Tag: Casey Affleck

Every Breath You Take

I feel like as a society, we should be at a collective point where people realize that the song Every Breath You Take is creepy as fuck. Sting has already said it is sinister and controlling and not a wonderful love song. And yet people still are oblivious and think its beautiful.

It is a creepy phrase and a great name for a movie. Especially if it involves a stalking romance.

Every Breath You Take doesn’t really involve romance (although there is some sexmance, if you will) and stalking. Maybe not the perfect title for this movie. But maybe the perfect title for a Casey Affleck autobiography?

Of course you can see every breath they take if you are that fucking close to their mouth. 

Philip (Casey Affleck) is a therapist, and maybe a good one, maybe a bad one. Really hard to tell. He did have one patient, Daphne (Emily Alyn Lind), who was really low and sore and couldn’t open up. And to encourage her to open up, he talked about himself. He talked about his wife (Michelle Monaghan) and kid (India Eisley), and his fears and regrets. He wasn’t trying to make her his therapist. He was just trying to be more relatable for her. And it worked! She talked and got better and he started to tell people of his discovery.

Well, then we find out that Daphne goes and dies. You know. Suicide. Shit was this his fault? We all know people will blame him anyways. Makes sense.

Maybe people like James (Sam Claflin), Daphne’s brother. Who ends up having to talk to him about it, for some closure. But then he just…keeps hanging around. He inserts himself into Philip’s life as they do funeral plans and deal with her belongings. He befriends the wife and daughter and show up in their lives when Philip isn’t around. He seems to have…ulterior motives for being there. Can Philip stop this man from stalking them all, when it would be hard to prove, and when he is doing his own shitty things?

Also starring Hiro Kanagawa and Veronica Ferres.

“Howdy lady, did someone break your car? What a coincidence. I fix cars.”

At times, Every Breath You Take certainly feels like a movie that was forced to be a straight to DVD film. Which times? Well, at least 90% of the time. Not that those movies have to be inherently bad, because this one isn’t shockingly awful or anything like that. It just never rises to any level worth really getting excited about.

Affleck feels like a broody sad version of himself that is in a lot of films. He did it better in Manchester By The Sea, he did it better in even A Ghost Story. So it doesn’t feel new in that regard at all. Claflin plays a wormy, charismatic, clearly evil being. It is frustrating how obvious it all plays out on the screen, because apparently all of the women in this movie are easily cast into his shady as fuck web. Besides that, the rest of the cast are just smaller parts in this film and not given a lot to work with. They don’t feel believable and this really drags the movie down.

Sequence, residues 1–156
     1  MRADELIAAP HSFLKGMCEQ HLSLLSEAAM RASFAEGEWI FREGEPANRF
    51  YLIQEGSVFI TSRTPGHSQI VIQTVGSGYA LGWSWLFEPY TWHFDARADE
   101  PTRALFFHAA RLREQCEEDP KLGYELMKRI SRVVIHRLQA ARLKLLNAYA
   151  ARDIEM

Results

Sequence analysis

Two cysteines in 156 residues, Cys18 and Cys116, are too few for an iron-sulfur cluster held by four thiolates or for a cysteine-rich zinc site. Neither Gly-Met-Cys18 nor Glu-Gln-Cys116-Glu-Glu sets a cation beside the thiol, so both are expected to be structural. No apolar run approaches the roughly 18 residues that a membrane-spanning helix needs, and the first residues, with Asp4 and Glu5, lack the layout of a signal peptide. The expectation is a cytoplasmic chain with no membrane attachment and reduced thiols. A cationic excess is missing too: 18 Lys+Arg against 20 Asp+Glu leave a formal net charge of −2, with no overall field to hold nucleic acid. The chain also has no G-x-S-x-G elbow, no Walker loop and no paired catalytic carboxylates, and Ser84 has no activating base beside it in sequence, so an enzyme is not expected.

And this is frustrating, because given the story, it could have been a wonderful movie overall, but basically every part of it falls flat. The twists are obvious, and then silly. The thrilling scenes near the end don’t thrill but are laughable. There are elements of people trying, but when those elements are few and far between, it is just a disaster of a film.

1 out of 4.

Our Friend

We all have a friend, you know, that friend , who knows you inside and outside. Your bestie. Your ride or die. Your compadre. I mean, hopefully we all have one of those. Unless you are lonely and have no friends, then shit, maybe stop reading. Go get a friend (when appropriate in the pandemic).

Our Friend is sort of about that friend. It is definitely the friend you can count on, the friend who goes out of their way to help you, even if you didn’t expect anyone to love you that much. They show up when they need to, and they do what needs to be done.

Also, this one is a true story too. Based on an article made by one of the people in this story. A story that was about life, marriage, but really, the friendship that strengthened everyone involved.

Quick! Someone call the cops! These are not his kids!

Cancer sucks. You know it, I know it, the media knows it. It sucks.

This is definitely a movie about cancer. Namely Nicole Teague (Dakota Johnson) getting cancer, one that is likely to kill her (it will, this is not really a spoiler). It is going to deteriorate her health, it will change her life going forward with the days she has left, and it will affect her family. Her already somewhat distant husband, Matt (Casey Affleck), who wants to be a journalist who reports on things that actually matter to people, hasn’t been the best husband or father, but he is going to have to be now.

And still, it is overwhelming. The bills. The stress. The kids. The jobs. The hope that it might eventually lead to a remission. They need help. And they have a mutual friend, Dane (Jason Segel) who is extremely loyal and dependable, and willing to put his whole life on hold, for not just months, but maybe even years, just to help out his best friends. Nanny, driving, chores, cooking, you name it.

And this is their story.

Also starring Denée Benton, Isabella Kai, and Violet McGraw.

Quick! Someone call the cops! We all know people aren’t allowed to read in their beds!